Are you changing your treatment recommendations for relapsed/refractory disease?
Outpatient second line regimens such as gemcitabine-based treatment are being used more commonly rather than regimens that require hospitalization. Some centers are using brentuximab vedotin or PD1 antibodies (administered q4 weeks to reduce visits) when possible instead of chemotherapy and will consider consolidating responses to second line therapy with radiotherapy instead of an autologous peripheral blood stem cell transplant (PBSCT) especially in late relapses. Other centers are proceeding with autoPBSCT. Blood shortages are occurring in some regions. Whether patients who become infected with SARS-CoV-2 during treatment with checkpoint inhibitors have worse outcomes than patients with Hodgkin Lymphoma undergoing other treatments is unknown. Allogeneic stem cell transplant is not commonly used in Hodgkin Lymphoma, but would not be considered in the current situation.
Are you changing your approach to supportive care?
Some experts are recommending more routine use of G-CSF. To avoid increasing the risk of bleomycin pneumonitis, three to five days of filgrastim mid-cycle is used by some to eliminate severe neutropenia when treating with ABVD. Growth factor support is required when AAVD (Echelon-1) is prescribed and is recommended when treating older patients. Experts are commonly prescribing prophylactic antibiotics for neutropenic patients or those expected to become neutropenic.
For pediatric patients?
Presently, pediatric experts recommend that the standard of care dose intensive treatment regimens with response adapted radiation therapy (ABVE-PC, OEPA/COPDac) not be modified for all stages of disease and if the chemotherapy agents and relevant supportive care are available. SARS-CoV-2 infection has been described as having a milder clinical course in children than in adults with cancer. Alternatives for low and intermediate risk patients include ABVD with interim PET/CT which requires fewer visits and is associated with less myelosuppression and febrile neutropenia. Omission of bleomycin is recommended after the second cycle for those that are PET negative if a total of six cycles is planned. For low risk patients with mixed cellularity histology, three cycles of AVPC with response adapted radiation therapy may also be considered. For high-risk patients, six cycles of AAVD (as per ECHELON-1) or ABVD (as per RATHL approach) may be considered as these approaches are associated with fewer visits for chemotherapy and radiation therapy. Modifications in radiotherapy dose and schedule for pediatric patients differ from those intended for adults (see reference below). The higher dose per fraction (e.g. 2.5-4 Gy/fraction) recommended by the ILROG for adults is likely to cause more significant late toxicities and should be avoided in pediatric Hodgkin lymphoma patients.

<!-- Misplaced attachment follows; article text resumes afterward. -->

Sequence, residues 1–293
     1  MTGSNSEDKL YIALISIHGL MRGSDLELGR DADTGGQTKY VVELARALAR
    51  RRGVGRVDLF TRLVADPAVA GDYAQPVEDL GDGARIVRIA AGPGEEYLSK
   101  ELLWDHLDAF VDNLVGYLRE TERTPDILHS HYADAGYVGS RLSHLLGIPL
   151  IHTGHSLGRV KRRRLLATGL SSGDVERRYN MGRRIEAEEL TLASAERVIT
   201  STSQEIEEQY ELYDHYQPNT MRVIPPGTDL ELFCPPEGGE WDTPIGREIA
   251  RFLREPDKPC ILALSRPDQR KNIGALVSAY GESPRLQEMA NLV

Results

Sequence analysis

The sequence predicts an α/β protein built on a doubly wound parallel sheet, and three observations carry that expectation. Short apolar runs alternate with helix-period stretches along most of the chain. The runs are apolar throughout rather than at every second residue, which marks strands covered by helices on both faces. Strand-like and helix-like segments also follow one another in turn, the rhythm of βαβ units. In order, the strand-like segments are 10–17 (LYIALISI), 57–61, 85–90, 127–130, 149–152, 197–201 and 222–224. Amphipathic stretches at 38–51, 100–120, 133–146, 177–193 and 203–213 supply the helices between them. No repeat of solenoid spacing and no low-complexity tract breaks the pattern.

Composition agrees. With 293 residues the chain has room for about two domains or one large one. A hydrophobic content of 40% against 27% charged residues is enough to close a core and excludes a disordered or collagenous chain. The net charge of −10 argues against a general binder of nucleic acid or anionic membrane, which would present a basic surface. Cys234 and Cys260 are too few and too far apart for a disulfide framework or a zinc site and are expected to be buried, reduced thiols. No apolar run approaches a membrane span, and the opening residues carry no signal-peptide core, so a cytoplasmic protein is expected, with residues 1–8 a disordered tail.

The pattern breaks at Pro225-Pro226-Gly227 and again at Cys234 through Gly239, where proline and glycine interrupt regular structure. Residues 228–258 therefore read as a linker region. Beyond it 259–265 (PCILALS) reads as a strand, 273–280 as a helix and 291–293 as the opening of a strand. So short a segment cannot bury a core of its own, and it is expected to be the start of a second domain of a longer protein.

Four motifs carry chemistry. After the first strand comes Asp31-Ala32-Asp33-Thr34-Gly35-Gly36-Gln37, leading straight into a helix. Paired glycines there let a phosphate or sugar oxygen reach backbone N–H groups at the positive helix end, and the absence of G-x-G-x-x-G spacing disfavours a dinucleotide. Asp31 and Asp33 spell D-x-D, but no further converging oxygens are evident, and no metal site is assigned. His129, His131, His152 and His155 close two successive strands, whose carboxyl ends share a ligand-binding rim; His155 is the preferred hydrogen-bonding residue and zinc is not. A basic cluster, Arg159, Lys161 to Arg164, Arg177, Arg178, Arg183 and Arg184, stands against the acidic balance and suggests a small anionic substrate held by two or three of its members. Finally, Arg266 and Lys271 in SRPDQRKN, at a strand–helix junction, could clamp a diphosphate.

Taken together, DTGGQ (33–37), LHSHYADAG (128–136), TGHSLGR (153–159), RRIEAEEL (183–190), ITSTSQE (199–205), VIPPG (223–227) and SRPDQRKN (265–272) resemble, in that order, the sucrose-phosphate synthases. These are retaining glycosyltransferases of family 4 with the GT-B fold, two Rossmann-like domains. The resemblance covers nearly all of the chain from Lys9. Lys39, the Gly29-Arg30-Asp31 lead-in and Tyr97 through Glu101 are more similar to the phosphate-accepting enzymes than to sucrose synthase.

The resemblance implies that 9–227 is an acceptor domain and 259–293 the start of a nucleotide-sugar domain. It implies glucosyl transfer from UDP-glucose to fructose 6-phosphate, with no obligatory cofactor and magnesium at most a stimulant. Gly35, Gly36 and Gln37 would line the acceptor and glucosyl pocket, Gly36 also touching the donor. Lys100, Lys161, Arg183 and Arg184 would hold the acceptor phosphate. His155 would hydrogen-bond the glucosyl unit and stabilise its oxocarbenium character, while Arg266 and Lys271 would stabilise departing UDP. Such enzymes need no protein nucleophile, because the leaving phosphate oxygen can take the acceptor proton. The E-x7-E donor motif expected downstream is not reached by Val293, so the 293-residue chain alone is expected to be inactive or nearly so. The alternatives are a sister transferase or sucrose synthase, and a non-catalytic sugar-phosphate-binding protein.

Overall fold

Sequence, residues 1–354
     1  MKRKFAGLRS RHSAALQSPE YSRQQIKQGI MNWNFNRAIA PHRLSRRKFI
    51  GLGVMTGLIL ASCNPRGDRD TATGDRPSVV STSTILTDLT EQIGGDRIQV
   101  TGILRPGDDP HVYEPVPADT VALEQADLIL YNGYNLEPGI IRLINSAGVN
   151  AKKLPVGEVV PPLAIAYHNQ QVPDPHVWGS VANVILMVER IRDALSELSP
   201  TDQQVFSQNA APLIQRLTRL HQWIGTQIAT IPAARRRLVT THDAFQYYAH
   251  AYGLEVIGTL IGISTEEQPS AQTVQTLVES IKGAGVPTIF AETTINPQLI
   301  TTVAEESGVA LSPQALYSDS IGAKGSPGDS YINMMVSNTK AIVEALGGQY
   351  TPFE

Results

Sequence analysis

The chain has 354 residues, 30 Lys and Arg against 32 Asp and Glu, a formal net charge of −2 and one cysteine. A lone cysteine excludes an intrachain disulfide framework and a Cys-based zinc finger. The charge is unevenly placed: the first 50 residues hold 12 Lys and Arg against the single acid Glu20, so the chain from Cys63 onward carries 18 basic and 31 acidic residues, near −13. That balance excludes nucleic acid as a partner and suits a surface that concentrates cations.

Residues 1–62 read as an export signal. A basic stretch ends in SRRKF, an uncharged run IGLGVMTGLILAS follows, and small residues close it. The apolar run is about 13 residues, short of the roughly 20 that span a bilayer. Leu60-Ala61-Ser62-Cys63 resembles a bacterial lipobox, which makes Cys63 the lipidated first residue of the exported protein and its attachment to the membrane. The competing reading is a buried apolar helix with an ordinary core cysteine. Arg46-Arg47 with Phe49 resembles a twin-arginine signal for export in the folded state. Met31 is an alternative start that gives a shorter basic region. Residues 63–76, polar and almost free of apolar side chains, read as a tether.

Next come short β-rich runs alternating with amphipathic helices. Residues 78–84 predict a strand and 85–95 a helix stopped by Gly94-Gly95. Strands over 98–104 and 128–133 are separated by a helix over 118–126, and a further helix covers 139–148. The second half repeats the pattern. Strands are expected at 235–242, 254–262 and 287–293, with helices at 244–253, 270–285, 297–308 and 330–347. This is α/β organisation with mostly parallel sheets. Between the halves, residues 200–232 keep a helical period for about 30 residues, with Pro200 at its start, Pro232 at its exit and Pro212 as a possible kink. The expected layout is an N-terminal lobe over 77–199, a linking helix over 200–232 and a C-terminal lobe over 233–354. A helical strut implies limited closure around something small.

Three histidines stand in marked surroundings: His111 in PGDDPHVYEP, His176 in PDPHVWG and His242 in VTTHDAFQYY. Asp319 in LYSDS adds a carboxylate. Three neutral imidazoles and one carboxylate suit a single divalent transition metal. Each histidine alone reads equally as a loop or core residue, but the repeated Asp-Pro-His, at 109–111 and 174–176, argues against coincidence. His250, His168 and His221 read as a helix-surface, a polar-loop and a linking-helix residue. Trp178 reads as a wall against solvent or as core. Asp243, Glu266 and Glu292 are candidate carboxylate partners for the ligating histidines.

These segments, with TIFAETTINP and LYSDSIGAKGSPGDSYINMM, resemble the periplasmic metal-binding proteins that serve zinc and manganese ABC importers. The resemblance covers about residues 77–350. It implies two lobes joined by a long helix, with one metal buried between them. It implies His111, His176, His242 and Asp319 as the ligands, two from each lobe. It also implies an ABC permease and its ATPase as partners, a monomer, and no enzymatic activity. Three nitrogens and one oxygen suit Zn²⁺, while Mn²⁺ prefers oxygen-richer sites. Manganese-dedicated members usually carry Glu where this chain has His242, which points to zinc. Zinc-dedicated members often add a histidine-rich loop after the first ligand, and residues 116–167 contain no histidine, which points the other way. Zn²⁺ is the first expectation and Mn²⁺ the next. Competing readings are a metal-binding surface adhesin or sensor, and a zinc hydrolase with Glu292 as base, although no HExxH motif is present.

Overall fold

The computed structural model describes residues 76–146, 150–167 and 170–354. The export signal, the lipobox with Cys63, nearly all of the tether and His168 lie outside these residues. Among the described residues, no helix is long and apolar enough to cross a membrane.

Initiation of chemotherapy for incompletely resected, early-stage nodular lymphocyte predominant histology may be delayed if necessary.
Vaccination for SARS-CoV2 infection for people younger than 16 years is not yet available under the Emergency Use Authorization. Vaccination is currently recommended for patients 16 years or older, their families, and caregivers when available.
Should patients with Hodgkin lymphoma receive a vaccine for SARS-CoV-2?
In general, it is considered safe and appropriate for patients with Hodgkin lymphoma to be vaccinated against SARS-CoV2. Specific to SARS-CoV-2, data regarding the safety and efficacy of vaccines in immunocompromised patients are not yet available. As a general statement, we recommend that patients with Hodgkin lymphoma receive a SARS-CoV-2 vaccine although they may not mount a robust immune response. Decisions regarding the timing of vaccination must be individualized based on the prevalence of COVID-19 in the community, the patient’s capacity to self-isolate and that of their family members and caregivers, the expected duration of treatment and the availability of vaccine. For more information about SARS-CoV-2 vaccines and immunocompromised patients, see the ASH FAQs on this topic.
- ILROG Emergency Guidelines for Radiation Therapy of Hematological Malignancies during the COVID-19 Pandemic.
- Michael Sullivan, Eric Bouffet, Carlos Rodriguez-Galindo, et al. The COVID-19 PANDEMIC: A Rapid Global response for Children with Cancer from SIOP, COG, SIOP-E, SIOP-PODC, IPSO, PROS, CCI and St Jude Global. Authorea. April 25, 2020. DOI: 10.22541/au.158777298.87289192.
- Clift, Coupland CAC, Keogh RH et al. Living risk prediction algorithm (QCOVIDk) for risk of hospital admission and mortality from coronavirus-19 in adults: national derivation and validation cohort study. BMJ. 2020;371:m3731.